It's been a busy two weeks here at the farm. Although March did not go out with any lambs, April sure came in with a bunch of them. The first to go was Margaret with another set of triplets and this year all survived (last year two were still born). Margaret is a fantastic mother and is having no problems raising all three, two ram lambs and a ewe. One of the rams has officially been dubbed "VanBuren" due to his resemblance of the late president and the random knowledge that my brain tends to recall at odd moments, like what Martin VanBuren looked like while clipping a lamb's umbilical cord. So far he's the only one to get an official name because as much as i try not to do favorites, he is mine. Actually all three triplets are my buddy's. They run to me when I come up to visit (which is pretty often) happily expecting chest rubs and back massages. He is also the only one I'm certain that we will be keeping. We will be selling many of the others , along with some of their mothers, but we won't decide who goes & who stays until we figure out how many we get all together. So far 6 are already spoken for from interested buyers and (I know gasp...) a few are destine for the freezer, but we'll wait to see who gets honored with that untimely fate a little later.
The day after Margaret's triplets arrived, Lamby's twins showed up, one ram & one ewe, both strapping and beautiful. Of course it was 19 degrees that morning so I was up quite often to make sure no one had hypothermia, but it's pretty amazing how a newborn lamb can tolerate extreme cold after they've had a few swigs of mama's colostrum (the first milk, full of all the antibodies and other goodies that a newborn needs for a great start to life.). Day three brought another 4 lambs from three more ewes. Venus gave a single ewe lamb that morning, Cups had twin ewes in the afternoon, & Serena finished out the day with a single ewe.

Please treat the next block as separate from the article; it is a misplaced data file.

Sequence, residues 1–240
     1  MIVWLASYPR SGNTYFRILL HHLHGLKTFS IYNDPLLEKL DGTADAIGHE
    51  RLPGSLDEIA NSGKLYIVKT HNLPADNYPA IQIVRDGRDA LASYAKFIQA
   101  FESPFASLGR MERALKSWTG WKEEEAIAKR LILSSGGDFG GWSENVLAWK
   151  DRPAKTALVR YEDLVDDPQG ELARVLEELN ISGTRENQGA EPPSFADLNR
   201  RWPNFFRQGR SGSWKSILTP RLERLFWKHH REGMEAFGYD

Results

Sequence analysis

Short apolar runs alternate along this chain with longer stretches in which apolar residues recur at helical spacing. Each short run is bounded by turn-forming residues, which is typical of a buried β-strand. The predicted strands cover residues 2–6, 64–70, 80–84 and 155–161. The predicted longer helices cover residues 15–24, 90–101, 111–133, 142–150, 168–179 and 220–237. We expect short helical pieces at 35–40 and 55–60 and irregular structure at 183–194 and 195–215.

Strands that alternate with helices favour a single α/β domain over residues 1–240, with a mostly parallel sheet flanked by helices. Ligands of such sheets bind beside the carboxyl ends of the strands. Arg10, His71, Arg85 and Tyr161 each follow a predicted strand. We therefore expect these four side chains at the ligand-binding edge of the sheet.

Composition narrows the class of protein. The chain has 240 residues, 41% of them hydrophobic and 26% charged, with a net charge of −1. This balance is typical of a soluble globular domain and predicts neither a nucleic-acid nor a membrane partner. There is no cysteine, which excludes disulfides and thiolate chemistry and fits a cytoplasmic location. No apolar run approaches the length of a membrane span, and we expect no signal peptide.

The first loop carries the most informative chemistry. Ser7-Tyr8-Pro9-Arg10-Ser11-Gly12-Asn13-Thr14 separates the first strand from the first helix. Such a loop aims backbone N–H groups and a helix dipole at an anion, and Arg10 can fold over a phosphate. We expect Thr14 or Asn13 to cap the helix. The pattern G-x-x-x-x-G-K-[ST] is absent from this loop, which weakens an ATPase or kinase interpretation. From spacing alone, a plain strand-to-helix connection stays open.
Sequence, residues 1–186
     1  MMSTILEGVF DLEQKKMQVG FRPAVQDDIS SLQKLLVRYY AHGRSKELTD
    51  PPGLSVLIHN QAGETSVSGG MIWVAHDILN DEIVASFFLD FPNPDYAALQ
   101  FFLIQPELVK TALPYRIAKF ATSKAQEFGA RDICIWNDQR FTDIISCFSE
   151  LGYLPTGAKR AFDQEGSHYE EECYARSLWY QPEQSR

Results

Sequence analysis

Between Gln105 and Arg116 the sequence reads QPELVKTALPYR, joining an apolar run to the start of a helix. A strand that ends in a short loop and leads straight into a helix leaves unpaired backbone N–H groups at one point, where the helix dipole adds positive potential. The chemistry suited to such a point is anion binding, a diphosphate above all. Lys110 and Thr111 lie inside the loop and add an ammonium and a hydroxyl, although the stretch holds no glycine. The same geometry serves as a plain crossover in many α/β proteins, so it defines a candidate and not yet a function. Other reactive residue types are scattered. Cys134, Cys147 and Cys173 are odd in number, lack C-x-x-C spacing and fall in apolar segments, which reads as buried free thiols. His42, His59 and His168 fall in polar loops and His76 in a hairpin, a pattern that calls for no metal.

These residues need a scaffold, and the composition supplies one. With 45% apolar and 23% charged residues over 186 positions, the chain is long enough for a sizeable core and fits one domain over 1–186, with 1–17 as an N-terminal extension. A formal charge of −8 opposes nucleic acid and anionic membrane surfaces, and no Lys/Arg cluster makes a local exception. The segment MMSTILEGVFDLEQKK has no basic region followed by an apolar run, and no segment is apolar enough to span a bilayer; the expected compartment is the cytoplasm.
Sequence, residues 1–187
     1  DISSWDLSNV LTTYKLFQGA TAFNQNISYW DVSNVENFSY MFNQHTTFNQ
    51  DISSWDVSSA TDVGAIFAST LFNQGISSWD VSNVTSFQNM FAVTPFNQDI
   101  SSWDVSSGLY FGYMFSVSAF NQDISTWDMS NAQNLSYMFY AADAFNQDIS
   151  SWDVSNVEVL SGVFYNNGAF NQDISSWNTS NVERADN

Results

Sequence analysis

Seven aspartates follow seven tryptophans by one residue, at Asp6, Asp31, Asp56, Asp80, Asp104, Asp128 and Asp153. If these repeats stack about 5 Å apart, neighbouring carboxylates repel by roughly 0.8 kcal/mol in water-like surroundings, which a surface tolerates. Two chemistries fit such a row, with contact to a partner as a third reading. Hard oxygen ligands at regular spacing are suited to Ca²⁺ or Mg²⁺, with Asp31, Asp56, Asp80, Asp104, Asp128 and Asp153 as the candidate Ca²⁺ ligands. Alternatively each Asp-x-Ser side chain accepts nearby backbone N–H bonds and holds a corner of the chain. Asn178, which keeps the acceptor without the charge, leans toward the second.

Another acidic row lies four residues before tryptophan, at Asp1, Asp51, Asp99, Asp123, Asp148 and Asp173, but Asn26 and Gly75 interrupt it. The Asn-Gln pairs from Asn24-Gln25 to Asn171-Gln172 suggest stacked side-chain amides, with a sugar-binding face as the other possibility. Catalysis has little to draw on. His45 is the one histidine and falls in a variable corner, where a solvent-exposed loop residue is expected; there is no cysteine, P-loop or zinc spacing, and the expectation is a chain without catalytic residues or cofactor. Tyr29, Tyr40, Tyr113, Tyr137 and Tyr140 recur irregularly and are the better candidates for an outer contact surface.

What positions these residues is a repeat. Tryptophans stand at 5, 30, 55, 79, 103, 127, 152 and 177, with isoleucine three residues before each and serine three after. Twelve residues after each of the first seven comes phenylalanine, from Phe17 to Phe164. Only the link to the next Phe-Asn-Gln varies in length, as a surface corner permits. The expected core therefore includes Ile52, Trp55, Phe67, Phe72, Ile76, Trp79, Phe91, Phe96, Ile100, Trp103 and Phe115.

At the end of day three I was pretty much exhausted, but thrilled. Nine lambs in three days, not a bad haul. All were alive and healthy and all mom's were doing a great job of tending to their babes. Only had a few minor issues, like Margaret's third and tiniest lamb took a little coaxing and some warm up time in the house before he was able to finally get up and get a little milk in him and Cups' second ewe was born back legs first so it took her a little more ompf to get the poor thing out and when it did, the sack was still covering it's face, so I quickly wiped it away and cleared it's airways so it didn't take it's first breath and get a lung full of amniotic fluid, then let mom take over from there. Other than that, everyone has had pretty easy and unassisted deliveries, thank the Good Lord for that.
I was able to get a break over the weekend before starting again the following Monday with Lamby II dropping twin ewe lambs out in the mud on a chilly rainy morning. She was a first-time mom & the poor thing seemed to be thoroughly confused by these small creatures that so rudely exited her nether regions, but her maternal instincts kicked in and she had them somewhat cleaned up by the time i noticed the poor things stumbling around in the icky weather and got them all snug in a clean, dry lambing pen. Then Wednesday night (yesterday) a young ewe (who I didn't think was pregnant) surprised me with a single ewe lamb.
So needless to say it's been a busy start to the month and I don't expect it to end anytime soon. We've had 12 lambs from 7 ewes, which means we've got 9 more to go. Due to his travel's for work, Hubby has missed every one so far, but I think he'll get to have his turn this weekend, because this good shepherdess needs a little time away and has decided to head south to visit some good friends for the weekend, leaving hubby to tend to any births that may happen, while I get some much needed R & R.